We’ve all heard the horror stories of condominiums with no money in their reserve accounts and significant repair projects that need to be completed. Work orders may have been issued by the municipality because the buildings are falling apart and becoming a danger to the occupants. At best, there are allegations of mismanagement by previous boards. At worst, there are allegations of fraud and theft. Many of the owners have defaulted in their contributions toward the common expenses and the condominium is unable to pay its contractors, which results in lawsuits due to unpaid bills. The local real estate agents know of the issues and the market values of the units plummet.
When the board attempts to fix some of these problems, such as levying special assessments, they often receive a requisition to remove them. The new board quickly changes managers, rescinds the special assessment, and lowers monthly fees. A requisition is received to remove the new board shortly after they are elected. Factions form and every issue creates further division among the owners. The problems are ignored or pushed aside while the groups fight for control.
So, what can be done in these terrible situations? The Act contains a few options to help condominiums get out of trouble. Continue reading
Earlier this year I posted updated statistics for the Grand River and Golden Horseshoe areas. Today, I’m focusing on Toronto and surrounding areas, including York, Peel and Durham.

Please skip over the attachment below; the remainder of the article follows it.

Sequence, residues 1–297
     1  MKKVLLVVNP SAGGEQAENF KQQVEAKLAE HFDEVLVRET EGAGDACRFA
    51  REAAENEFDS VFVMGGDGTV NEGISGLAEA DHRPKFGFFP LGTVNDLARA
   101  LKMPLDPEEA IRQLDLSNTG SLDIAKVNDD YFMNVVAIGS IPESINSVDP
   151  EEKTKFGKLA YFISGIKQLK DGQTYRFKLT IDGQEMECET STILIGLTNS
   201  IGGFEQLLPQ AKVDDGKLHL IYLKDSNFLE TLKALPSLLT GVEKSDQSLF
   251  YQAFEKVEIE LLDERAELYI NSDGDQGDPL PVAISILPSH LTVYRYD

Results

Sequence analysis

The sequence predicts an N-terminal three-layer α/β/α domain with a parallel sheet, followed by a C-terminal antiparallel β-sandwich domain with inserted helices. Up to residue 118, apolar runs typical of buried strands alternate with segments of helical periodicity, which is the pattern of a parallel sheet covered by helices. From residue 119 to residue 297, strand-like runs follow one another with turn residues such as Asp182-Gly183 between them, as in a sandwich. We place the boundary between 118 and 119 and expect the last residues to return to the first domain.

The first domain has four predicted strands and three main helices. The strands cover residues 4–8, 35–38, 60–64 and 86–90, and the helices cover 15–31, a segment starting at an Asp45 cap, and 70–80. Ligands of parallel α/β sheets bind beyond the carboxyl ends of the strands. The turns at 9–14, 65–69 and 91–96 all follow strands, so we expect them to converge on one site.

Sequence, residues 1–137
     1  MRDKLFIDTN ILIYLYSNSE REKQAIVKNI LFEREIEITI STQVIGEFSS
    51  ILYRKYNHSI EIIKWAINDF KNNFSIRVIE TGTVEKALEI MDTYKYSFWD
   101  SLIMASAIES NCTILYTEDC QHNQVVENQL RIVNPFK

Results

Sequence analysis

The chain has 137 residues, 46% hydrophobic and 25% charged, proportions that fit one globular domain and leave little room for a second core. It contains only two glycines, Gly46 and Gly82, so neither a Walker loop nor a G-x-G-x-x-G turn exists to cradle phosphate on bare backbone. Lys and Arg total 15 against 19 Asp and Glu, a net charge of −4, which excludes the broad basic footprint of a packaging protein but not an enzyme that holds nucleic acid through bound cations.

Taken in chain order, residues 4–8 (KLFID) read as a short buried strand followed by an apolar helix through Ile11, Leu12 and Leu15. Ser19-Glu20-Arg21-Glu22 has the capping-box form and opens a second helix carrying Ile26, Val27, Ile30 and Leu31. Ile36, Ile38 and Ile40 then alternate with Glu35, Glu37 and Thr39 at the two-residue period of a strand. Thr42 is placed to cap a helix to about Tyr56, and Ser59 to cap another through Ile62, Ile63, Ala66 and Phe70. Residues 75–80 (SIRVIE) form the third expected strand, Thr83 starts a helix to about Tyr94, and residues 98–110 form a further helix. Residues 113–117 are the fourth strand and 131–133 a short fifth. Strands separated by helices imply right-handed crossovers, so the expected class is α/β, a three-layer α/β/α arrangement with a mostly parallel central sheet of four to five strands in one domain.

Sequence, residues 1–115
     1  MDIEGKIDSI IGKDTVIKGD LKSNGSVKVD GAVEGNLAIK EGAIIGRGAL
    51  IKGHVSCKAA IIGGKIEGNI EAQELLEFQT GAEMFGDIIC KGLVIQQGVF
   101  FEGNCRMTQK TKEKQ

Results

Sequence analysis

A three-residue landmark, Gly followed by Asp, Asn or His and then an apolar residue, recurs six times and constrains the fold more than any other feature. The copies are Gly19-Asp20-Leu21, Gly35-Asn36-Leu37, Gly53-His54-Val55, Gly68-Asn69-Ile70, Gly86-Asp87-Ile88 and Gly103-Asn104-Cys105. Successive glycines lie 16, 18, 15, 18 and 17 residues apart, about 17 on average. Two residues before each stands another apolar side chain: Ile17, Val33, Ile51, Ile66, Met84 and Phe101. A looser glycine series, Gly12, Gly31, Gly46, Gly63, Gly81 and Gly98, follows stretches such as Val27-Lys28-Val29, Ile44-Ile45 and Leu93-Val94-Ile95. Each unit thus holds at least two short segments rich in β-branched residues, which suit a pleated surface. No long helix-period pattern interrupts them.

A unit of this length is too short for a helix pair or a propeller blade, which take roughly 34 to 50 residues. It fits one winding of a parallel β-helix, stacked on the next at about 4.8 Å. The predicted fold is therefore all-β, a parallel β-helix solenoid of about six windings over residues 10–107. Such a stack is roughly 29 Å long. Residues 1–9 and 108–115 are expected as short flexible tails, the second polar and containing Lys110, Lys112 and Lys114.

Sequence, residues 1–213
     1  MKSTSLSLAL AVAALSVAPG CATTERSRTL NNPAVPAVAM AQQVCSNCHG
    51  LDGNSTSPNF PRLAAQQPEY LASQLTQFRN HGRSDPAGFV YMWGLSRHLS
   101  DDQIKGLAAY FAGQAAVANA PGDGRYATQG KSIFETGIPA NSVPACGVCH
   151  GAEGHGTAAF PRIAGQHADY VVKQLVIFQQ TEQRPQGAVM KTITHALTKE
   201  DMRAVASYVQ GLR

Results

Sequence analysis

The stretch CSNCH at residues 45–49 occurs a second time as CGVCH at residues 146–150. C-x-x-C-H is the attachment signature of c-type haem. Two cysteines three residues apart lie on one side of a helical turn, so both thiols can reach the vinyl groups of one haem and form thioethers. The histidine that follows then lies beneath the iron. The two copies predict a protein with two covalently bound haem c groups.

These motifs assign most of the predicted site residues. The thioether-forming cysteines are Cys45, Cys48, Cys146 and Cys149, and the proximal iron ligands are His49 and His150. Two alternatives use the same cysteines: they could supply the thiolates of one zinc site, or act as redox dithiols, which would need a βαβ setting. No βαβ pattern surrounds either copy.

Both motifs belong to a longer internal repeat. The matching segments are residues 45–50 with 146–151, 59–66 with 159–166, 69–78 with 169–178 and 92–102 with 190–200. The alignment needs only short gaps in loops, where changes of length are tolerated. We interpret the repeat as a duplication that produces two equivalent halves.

As of August 8, 2017, Toronto had 2602 condominium corporations. Today, that number has grown to 2714. The last one registered is a 12 floor building with 642 units (about 180 of which appear to be parking or storage units).
As of August 8, 2017, York had 1240 condominium corporations. Today, that number is 1406! The last condominium registered has 372 units.
Peel had 1021 condominium corporations on August 8, 2017. As of today, Peel has 1054 condominium corporations. The last one registered is a mammoth with 975 units over 5 floors (in several buildings).
Finally, as of August 8, 2017, Durham had 285 condominium corporations. While it has the fewest condominium corporations, Durham continues to have impressive growth. It now has 308 condominium corporations. The last registered has 224 units.
As said in previous posts, the total number is not the number of active condominiums. Some condominiums have been terminated or amalgamated so the “real” numbers are less than those above. I understand the CAO is working on obtaining a list of the “real” number so hopefully it will be able to start releasing statistics to the public soon.